The Attitude That Turns You To A Pro

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Like everyone else I am not good at everything. I have things I am extremely good at (Excel, daily writing and tech stuff) and there are also a lot of things I suck at. But the biggest difference between what I'm good at and what I suck at is my attitude. It's my newest discovery. The things I don't put limits on are things I became good at and all the things I suck at I have established boundaries for.

When I decided to start writing daily, I put in place no boundary or standard. I set myself free and wasn't even bothered about failing or the worse that could happen (which is having my blog turn into a junkyard that none will want to go through). I simply gave it (and still give it) my best and don't even edit my articles. No limits to what I can write about nor how I write about what I write about nor what impression I create in the minds of my readers. No boundaries. And it's the same way I go about my tech issues. While some people will give up when for 2 weeks they've been unable to solve a particular tech/gadget issue they have, I don't give up. Even if it takes me a year to find the solution to my tech issue you can be sure I'll give it the 365 days required. My default mindset with technology is that whatever I want can be done I just have to patiently figure out how. I set no boundaries. No limits to my search for answers.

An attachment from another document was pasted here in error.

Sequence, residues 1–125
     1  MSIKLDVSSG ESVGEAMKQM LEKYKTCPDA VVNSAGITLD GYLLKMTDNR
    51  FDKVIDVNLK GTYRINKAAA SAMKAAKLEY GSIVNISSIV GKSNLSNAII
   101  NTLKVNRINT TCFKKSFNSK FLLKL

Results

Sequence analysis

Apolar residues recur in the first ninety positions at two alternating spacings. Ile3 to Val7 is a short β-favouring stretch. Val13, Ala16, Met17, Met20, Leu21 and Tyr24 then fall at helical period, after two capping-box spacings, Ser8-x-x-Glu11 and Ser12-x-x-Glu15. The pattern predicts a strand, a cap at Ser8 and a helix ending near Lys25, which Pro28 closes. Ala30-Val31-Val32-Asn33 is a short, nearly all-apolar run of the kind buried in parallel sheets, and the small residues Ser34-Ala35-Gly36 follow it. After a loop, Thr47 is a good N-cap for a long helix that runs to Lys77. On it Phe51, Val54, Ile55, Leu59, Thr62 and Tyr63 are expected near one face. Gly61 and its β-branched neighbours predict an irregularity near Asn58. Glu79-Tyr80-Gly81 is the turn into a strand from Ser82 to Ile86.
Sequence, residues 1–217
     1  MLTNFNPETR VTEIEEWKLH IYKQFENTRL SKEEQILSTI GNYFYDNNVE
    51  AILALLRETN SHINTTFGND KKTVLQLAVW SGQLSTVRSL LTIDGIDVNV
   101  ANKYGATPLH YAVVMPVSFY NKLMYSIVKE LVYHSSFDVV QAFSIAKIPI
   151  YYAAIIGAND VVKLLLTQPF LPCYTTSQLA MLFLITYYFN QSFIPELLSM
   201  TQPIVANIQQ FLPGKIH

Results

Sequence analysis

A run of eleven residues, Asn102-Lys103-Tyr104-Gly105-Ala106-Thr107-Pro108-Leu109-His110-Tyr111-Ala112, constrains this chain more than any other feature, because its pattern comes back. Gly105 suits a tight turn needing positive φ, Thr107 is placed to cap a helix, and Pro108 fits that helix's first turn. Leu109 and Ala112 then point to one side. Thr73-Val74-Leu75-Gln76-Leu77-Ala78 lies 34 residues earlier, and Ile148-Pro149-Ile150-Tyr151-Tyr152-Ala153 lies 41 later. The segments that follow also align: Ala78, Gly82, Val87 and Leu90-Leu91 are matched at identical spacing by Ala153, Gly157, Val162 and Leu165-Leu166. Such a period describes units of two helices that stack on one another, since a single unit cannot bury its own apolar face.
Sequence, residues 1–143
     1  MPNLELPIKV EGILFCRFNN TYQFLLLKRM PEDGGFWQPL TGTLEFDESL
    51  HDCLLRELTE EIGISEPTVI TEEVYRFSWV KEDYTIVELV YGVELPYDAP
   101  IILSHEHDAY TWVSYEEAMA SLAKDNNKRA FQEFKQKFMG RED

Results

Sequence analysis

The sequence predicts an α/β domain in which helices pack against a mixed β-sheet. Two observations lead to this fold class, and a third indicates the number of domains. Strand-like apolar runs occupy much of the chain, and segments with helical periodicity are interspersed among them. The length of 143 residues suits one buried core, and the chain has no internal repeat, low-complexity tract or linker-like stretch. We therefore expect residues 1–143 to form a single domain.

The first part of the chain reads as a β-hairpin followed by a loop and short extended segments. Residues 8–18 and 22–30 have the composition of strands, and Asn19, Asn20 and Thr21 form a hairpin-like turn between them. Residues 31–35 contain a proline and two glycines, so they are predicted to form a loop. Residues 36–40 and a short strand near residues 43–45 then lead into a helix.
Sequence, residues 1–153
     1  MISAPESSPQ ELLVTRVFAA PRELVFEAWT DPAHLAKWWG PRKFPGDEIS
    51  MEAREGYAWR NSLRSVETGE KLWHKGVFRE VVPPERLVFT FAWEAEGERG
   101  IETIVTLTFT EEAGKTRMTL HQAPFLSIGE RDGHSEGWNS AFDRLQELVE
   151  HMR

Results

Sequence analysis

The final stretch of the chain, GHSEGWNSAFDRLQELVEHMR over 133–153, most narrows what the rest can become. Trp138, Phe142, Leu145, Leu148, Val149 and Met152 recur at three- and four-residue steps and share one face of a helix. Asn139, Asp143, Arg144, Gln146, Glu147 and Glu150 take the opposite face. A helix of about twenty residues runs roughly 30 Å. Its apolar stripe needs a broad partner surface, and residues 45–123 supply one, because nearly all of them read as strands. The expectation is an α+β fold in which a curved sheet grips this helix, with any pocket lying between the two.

My best example is how I became extremely good at Excel. I consider it the best example I have because I used to hate Excel. I used to see it as the annoying part of Microsoft Office. It used to be the software I don't open or care if it exists on my PC. And when I got my business data analysis job role it gave me lots of headaches and I felt like I have gotten a wrong job, a job I was not suited for. But my boss and the clients I was reporting to didn't care what I felt or what I could do; they kept asking for impossible Excel reports and I was forced to learn how to make those impossible reports. After 6 grueling months I became good at Excel. The whole story suddenly changed. I no longer waited for my boss to ask for an impossible report, I went online to freelance sites and attempted the impossible tasks people were asking to be done via Excel. I started using Excel for stuffs I never thought possible or reasonable. And the result: I became extremely good at Excel. All because my boss thought of no limits while asking for reports from me and I attempted all the impossible and unreasonable Excel projects I came across. I destroyed all the boundaries I used to have. I became like the child who was given a hammer and saw every other thing as a nail: I think first in Excel even before thinking in English.

The attitude of attempting all you can, whether feasible or not, is the one guaranteed thing that will turn you into a pro at anything. When you keep stretching yourself and constantly attempting the seemingly impossible and unreasonable you will inevitable become a guru at anything you desire to be a pro at.


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